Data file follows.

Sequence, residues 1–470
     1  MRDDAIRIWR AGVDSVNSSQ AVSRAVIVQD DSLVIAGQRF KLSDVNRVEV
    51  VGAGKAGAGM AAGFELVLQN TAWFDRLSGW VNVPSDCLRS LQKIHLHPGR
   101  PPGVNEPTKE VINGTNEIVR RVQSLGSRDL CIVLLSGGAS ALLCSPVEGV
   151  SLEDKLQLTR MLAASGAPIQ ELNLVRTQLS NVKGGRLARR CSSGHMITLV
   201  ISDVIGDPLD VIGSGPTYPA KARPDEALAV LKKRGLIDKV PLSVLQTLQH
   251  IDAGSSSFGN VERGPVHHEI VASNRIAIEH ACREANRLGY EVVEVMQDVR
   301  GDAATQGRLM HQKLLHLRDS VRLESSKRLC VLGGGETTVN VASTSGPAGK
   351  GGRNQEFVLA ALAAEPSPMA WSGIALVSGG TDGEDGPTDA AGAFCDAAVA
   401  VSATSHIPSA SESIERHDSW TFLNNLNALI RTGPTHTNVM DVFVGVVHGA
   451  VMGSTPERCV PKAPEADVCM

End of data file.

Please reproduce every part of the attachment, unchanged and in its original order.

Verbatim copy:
Sequence, residues 1–470
     1  MRDDAIRIWR AGVDSVNSSQ AVSRAVIVQD DSLVIAGQRF KLSDVNRVEV
    51  VGAGKAGAGM AAGFELVLQN TAWFDRLSGW VNVPSDCLRS LQKIHLHPGR
   101  PPGVNEPTKE VINGTNEIVR RVQSLGSRDL CIVLLSGGAS ALLCSPVEGV
   151  SLEDKLQLTR MLAASGAPIQ ELNLVRTQLS NVKGGRLARR CSSGHMITLV
   201  ISDVIGDPLD VIGSGPTYPA KARPDEALAV LKKRGLIDKV PLSVLQTLQH
   251  IDAGSSSFGN VERGPVHHEI VASNRIAIEH ACREANRLGY EVVEVMQDVR
   301  GDAATQGRLM HQKLLHLRDS VRLESSKRLC VLGGGETTVN VASTSGPAGK
   351  GGRNQEFVLA ALAAEPSPMA WSGIALVSGG TDGEDGPTDA AGAFCDAAVA
   401  VSATSHIPSA SESIERHDSW TFLNNLNALI RTGPTHTNVM DVFVGVVHGA
   451  VMGSTPERCV PKAPEADVCM